Let’s talk about International E-Commerce Shipping!
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There’s a common misconception that International shipping at Drop is “slow and awful”.   We want to take a moment to provide some details (and data!) about how International E-commerce shipping works, and what the experience looks like from end to end. Expectations When people think about courier services delivering packages, they typically think of a Fedex (or UPS, or DHL) truck picking up the box, putting it on a Fedex truck, flying to another country, putting it on another Fedex truck, and then finally delivering it to your doorstep.  This is known as end-to-end delivery, and it’s an amazing and incredible service that is extremely expensive. For example, a 20x30x15cm box that weighs 1.5 kg (this is the typical metric dimensions of a headphone or keyboard shipment) going from NY, USA to London, UK costs $240 for 5-day end-to-end service via Fedex.  That is the retail rate charged to a customer that walks into a Fedex depot.  For large businesses that ship a lot, you can expect discounts of around 50% of that rate- so for arguments sake we can assume it’s really only $120. With this service you can expect that:
  • Your parcel will be delivered on time
  • Your parcel will basically never get lost
  • You can always call a customer service line and find out exactly where it is, redirect it, or do whatever you need.
End-to-End service is what the courier companies pride themselves on, and it’s what makes them billions of dollars a year.  The customers are typically businesses that need to reliably move cargo, parts, and documents around the world in a reliable manner. As mentioned earlier, this service is extremely expensive and cost prohibitive for nearly all e-commerce transactions, (except when you’re buying expensive/small items like Laptops, etc). Reality So the actual service provided by Drop, and the vast majority of International E-commerce providers, is one that uses a mosaic of different courier services who continually hand-off the package depending on network availability.  Instead of Fedex carrying the parcel end-to-end, we’ll often see a route like:
  1. Fedex picks up the parcel at our warehouse and takes it to a port.
  2. DHL will take the parcel on one of their planes, and fly it to London.
  3. Royal Mail will take the parcel from DHL and deliver it to the household.
What’s unfortunate about a service using a patchwork of networks is that no single carrier takes responsibility over the delivery of the package in a timely manner (or at all).  If things are slow, or get lost, they can all (reasonably) point fingers at each other as being the culprit.  Ultimately, there is little brand or reputational damage on the line with these services and the quality of the service reflects that. The second problem is that these parcels are marked to typically use excess capacity within the network.  In layman’s terms, these packages get loaded onto planes or trucks when there’s leftover space on a pre-scheduled route, and if there isn’t, they sit and wait until there is space.  This means that the time it takes to deliver the parcel can be highly variable. Despite these drawbacks, the advantage is that the price of the service also reflects that.  That Fedex parcel that we quoted above, costing $240 retail, or $120 (discounted rate) to move, will cost as little as $25 when shipping via an International E-Commerce service. A $25 courier charge makes a $150 order 'economically feasible' for most people, compared to paying $120 to ship something that cost $150. The frustrating part about this economical service is that it’s missing two of the most important questions when you’re trying to track your parcel…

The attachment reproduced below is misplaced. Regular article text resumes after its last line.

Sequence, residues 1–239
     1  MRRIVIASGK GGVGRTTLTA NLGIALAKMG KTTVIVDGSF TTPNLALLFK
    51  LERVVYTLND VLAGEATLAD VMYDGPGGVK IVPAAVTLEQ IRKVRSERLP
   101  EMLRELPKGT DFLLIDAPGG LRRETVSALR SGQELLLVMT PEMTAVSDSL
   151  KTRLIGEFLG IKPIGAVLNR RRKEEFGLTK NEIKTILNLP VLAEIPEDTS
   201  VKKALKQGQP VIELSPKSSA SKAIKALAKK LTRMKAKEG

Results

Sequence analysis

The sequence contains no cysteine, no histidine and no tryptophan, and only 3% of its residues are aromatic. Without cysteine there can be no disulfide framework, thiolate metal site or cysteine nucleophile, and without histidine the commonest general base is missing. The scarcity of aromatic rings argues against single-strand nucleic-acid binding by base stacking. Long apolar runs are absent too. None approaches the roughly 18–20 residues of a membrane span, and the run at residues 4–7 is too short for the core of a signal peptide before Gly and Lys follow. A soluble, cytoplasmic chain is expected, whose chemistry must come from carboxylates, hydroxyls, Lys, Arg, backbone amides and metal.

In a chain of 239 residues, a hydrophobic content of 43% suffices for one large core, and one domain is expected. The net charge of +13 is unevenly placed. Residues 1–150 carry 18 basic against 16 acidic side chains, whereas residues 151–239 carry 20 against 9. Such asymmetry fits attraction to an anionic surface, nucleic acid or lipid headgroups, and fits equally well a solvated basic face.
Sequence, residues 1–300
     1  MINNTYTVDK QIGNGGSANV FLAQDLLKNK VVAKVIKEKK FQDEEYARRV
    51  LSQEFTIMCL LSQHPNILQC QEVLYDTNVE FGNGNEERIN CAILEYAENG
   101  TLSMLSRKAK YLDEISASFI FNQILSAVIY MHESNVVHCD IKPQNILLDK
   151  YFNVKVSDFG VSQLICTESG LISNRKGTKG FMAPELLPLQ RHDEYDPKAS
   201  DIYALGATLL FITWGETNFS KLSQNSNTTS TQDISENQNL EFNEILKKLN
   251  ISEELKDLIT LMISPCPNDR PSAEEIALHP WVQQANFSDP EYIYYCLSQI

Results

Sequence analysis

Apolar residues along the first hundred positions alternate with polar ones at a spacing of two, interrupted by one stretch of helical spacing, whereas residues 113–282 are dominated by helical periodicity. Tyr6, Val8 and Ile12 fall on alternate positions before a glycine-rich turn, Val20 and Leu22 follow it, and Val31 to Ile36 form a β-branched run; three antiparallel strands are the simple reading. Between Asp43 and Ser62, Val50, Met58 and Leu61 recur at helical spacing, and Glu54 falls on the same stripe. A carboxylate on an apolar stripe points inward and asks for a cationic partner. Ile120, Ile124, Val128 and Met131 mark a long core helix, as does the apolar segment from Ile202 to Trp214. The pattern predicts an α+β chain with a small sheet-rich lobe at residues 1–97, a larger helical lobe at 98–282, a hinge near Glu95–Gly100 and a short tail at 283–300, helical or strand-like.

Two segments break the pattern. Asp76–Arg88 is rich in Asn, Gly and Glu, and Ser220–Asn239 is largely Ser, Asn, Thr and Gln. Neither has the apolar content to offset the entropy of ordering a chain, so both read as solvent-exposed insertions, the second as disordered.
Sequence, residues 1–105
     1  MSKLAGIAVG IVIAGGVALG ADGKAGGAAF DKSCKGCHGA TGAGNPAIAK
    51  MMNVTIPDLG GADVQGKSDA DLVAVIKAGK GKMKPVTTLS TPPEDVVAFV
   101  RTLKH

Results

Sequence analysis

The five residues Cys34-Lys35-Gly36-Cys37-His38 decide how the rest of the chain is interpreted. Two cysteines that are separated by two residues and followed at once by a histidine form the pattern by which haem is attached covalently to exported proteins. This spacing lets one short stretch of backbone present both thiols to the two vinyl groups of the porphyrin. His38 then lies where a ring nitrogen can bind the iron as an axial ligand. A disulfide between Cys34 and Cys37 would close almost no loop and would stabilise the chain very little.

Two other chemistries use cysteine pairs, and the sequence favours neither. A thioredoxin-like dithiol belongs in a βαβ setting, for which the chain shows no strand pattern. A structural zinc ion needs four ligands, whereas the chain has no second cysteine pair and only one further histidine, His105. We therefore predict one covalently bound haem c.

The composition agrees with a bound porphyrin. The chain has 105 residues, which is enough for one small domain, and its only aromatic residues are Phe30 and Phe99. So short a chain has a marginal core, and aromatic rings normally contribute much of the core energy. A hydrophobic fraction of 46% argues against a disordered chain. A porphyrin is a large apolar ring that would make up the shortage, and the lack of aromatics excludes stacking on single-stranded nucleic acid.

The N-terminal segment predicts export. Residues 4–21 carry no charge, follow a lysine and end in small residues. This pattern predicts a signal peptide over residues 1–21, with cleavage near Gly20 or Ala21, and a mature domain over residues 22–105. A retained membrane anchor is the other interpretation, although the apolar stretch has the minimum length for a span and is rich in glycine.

1. How long will it take for it to get to me?
  2. Is it lost?
For the first question, carriers often don’t know “when there will be space on the plane” to move your parcel, which means no delivery estimate can be made. For the second question, packages are often in limbo between one carrier and another, so neither can affirmatively say they have it and that it is not lost. With all of this, we don’t mean to scare you away from placing an International order with us, we simply want to inform you of what to expect from the delivery process.  We also have two important things to remind you of: